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This Month in Anesthesiology  |   October 2001
Complications of Interscalene Brachial Plexus Block Tracked in 9-Month Prospective Study.
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This Month in Anesthesiology
This Month in Anesthesiology   |   October 2001
Complications of Interscalene Brachial Plexus Block Tracked in 9-Month Prospective Study.
Anesthesiology 10 2001, Vol.95, A5. doi:
Anesthesiology 10 2001, Vol.95, A5. doi:
Complications of Interscalene Brachial Plexus Block Tracked in 9-Month Prospective Study. Borgeat et al. (page 875)
To further investigate the acute and chronic effects associated with interscalene brachial plexus blocks (ISB), Borgeat et al.  evaluated 521 patients after they underwent elective shoulder procedures. One patient sustained iatrogenic nerve damage related to his surgery and so was excluded from the study. Of the remaining 520 patients who completed the study, 234 had an ISB with placement of a catheter, whereas 286 received an ISB with the single-injection technique. All acute perioperative complications were recorded, and patients were observed daily for 10 days for paresthesia, dysesthesias, pain not related to surgery, and muscle weakness. There were two episodes of acute complications: one pneumothorax and one incidence of central nervous system toxicity (incoherent speech). On the 10th day after surgery, 74 patients (14%) reported paresthesia, dysesthesia, or pain apparently not related to surgery. For all of these patients, symptoms were mild, and none had accompanying muscle weakness.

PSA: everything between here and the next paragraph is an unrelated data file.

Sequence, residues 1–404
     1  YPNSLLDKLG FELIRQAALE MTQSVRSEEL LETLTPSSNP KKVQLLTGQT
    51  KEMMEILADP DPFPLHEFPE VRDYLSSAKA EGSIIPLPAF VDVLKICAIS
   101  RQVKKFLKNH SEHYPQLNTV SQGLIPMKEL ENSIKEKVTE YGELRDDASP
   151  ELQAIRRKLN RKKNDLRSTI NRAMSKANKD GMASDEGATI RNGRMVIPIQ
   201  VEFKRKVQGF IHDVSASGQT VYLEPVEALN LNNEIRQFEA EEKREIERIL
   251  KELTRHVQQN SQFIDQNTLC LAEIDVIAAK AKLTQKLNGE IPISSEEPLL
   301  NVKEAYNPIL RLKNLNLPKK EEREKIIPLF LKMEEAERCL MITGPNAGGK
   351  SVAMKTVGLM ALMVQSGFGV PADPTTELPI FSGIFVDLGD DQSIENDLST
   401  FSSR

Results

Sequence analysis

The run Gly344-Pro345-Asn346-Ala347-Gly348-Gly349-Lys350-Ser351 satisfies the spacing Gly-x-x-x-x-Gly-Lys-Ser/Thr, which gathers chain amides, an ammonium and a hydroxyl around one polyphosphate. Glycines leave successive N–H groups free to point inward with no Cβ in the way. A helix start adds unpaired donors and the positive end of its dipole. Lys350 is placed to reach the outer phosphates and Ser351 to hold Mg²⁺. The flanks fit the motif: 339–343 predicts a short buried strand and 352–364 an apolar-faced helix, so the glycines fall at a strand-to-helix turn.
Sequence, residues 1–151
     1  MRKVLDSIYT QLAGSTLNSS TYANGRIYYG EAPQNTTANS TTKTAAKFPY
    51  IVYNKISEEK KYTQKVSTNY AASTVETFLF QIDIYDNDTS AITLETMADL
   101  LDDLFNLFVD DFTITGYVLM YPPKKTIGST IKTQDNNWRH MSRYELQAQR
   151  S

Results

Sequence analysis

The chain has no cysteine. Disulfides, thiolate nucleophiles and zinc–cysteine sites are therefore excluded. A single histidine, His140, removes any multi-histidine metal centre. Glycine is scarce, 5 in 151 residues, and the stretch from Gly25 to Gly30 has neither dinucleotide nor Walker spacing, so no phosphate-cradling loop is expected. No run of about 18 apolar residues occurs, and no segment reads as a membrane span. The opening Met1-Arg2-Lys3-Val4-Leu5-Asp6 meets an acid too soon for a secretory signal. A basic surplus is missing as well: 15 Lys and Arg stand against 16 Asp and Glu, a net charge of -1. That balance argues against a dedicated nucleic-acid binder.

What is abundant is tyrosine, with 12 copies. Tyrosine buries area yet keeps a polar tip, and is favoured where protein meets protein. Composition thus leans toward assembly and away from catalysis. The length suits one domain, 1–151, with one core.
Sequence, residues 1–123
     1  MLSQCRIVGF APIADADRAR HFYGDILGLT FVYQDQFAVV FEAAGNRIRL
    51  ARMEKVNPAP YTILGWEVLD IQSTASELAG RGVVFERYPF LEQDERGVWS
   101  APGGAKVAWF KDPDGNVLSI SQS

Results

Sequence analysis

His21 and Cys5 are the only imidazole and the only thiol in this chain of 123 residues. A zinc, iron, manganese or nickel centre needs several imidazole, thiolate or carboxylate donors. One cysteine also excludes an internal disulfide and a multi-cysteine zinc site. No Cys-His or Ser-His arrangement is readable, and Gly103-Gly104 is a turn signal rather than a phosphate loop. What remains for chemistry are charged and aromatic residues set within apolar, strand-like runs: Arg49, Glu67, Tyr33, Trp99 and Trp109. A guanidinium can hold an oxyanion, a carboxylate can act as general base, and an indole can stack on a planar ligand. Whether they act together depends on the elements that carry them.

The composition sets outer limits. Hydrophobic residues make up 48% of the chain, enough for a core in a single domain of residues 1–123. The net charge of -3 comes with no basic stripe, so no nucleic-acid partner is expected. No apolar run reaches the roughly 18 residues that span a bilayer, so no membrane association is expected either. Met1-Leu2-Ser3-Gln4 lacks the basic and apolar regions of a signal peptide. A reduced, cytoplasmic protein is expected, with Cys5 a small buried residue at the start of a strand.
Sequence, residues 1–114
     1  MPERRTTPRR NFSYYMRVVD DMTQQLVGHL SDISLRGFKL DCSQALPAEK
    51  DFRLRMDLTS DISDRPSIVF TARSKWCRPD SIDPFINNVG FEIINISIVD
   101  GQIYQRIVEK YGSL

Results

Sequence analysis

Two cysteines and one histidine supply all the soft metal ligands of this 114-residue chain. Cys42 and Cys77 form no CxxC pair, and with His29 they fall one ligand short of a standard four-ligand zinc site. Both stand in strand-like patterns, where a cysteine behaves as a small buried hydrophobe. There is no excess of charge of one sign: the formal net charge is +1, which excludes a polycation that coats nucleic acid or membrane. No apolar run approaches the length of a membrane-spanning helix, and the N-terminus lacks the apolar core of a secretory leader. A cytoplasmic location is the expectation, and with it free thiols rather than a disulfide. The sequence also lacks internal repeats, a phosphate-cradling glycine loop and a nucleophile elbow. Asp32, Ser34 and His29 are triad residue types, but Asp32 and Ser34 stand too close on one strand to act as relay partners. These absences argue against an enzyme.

At 1 month after surgery, 41 patients (7.9%) reported persistent symptoms. Thirty of these patients underwent electroneuromyography, and eight cases of sulcus ulnaris syndrome, two cases of carpal tunnel syndrome, and one case of complex regional pain syndrome were diagnosed. Of the patients who had a diagnosis of sulcus ulnaris syndrome, six recovered spontaneously between 1 and 3 months, and the remaining two were treated with surgical decompression of the ulnar nerve. Two patients with carpal tunnel syndrome at 1 month and two with carpal tunnel syndrome at 2 and 3 months after surgery were treated surgically and recovered. By 9 months after surgery, only one patient, who had a plexus lesion, was still symptomatic. Despite the high incidence of transient paresthesias, dysesthesias, and pain not related to surgery, ISB has a high success rate. It is important to detect sulcus ulnaris syndrome, carpal tunnel syndrome, and complex regional pain syndrome to treat these problems. As shown in this study, the remainder of the patients did not have chronic ISB-related problems.